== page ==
Directed by Oliver Stone | Written by Stone and Keiran Fitzgerald, based on books by Anatoly Kucherena and Luke Harding | 134 min | ▲▲△△△
I have to own my bias on this one, just as I did with Pawn Sacrifice and another Joseph Gordon Levitt feature The Walk: These movies are all fictionalized takes on real life stories that have been handily captured in award-winning documentaries (Bobby Fischer Against The World and Man On Wire, respectively) all of which I’ve seen. It means the features had to work hard to surprise, and in many ways they did.
But I couldn’t find much about Snowden to recommend. It feels flat and dull compared to Laura Poitras’ Citizenfour.
Oliver Stone would seem to be the perfect guy to helm a feature on this material. The JFK filmmaker knows his way around secret conspiracies and American politics. But his direction here is lugubrious. He makes the story a relationship drama rather than deliver what it obviously is: a suspense thriller about the former CIA and NSA analyst who liberated secret information and then shared it with the world, forcing him to leave the United States for Hong Kong and eventually Russia, where he’s been at large since 2013.
We get to know Ed Snowden (Joseph Gordon Levitt) through his professional life—first as soldier, then an analyst. He shows a knack for surveillance software, but less so for spycraft. The personas arrayed around him—played by Rhys Ifans, Timothy Olyphant, and Nicolas Cage (who’s phoning in his three scene cameo)—all seem damaged or cynical in comparison to Snowden’s shining idealism, while we cut between flashbacks to Snowden’s various assignments and his giving the key documents over to journalist Glenn Greenwald (Zachary Quinto) and filmmaker Laura Poitras (Melissa Leo) in a Hong Kong hotel room, which was the core of Poitras’ documentary. Our hero—and put aside any doubt that the film might consider his choice treasonous—begins as a conservative, but his belief is shaken by what he sees in the intelligence field. And maybe his health—Stone touches upon his being an epileptic, but to little effect.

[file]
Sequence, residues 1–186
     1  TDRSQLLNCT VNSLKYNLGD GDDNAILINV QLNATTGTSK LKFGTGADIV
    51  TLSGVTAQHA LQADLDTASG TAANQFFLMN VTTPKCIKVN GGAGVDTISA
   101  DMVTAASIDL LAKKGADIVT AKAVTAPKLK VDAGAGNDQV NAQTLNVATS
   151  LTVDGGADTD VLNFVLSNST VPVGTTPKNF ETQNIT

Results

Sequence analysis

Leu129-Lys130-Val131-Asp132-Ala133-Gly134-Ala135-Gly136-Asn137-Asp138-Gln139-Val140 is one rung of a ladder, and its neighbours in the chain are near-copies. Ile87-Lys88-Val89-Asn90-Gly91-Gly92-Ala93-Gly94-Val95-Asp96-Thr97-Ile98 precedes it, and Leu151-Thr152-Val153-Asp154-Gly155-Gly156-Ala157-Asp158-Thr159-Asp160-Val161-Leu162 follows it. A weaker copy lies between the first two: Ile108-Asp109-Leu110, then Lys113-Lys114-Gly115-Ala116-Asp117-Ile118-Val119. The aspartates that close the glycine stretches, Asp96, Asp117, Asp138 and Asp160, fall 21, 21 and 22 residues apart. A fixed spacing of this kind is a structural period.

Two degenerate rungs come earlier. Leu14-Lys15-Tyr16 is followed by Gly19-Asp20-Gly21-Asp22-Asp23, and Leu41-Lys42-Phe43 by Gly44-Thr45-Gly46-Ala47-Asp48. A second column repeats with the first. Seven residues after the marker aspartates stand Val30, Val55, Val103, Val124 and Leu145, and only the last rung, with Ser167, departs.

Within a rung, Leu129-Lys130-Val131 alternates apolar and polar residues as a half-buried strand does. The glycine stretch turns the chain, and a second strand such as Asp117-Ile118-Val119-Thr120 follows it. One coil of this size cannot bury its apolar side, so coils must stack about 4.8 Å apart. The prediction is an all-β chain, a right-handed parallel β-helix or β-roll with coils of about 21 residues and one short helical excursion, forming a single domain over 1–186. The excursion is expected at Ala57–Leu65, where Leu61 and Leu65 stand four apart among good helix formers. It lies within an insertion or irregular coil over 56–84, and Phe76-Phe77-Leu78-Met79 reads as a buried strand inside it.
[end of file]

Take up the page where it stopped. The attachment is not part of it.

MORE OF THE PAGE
That Stone spends so much time in Snowden’s personal life—he struggles in his relationship with his girlfriend, Lindsay Mills (Shailene Woodley, who in early scenes sports one of the worst wigs I’ve seen in years) because of the stress of his secret work—feels like he’s burying the lead. A scene with the giant head of Ifans looming over Levitt is maybe the most impressive visual moment—very much like Ridley Scott’s Apple Mac advertisement in 1984—but these are fleeting.
What happened to Snowden once he passed on the information? How did he manage to avoid capture by American agents? How did his family react to his whistleblowing? And what about Lindsay? The film spends a lot of time with this couple, but then neglects to give us any kind of satisfying conclusion to their love story. How did she come to the decision to join him and give up her life in the US? We never find out.
If you want to be terrified by the ways the American government is slipping towards totalitarianism, and be awed by how one man betrayed his nation in an effort to save it, watch Citizenfour. Maybe avoid this missed opportunity while you put a plaster over the eye of your laptop camera.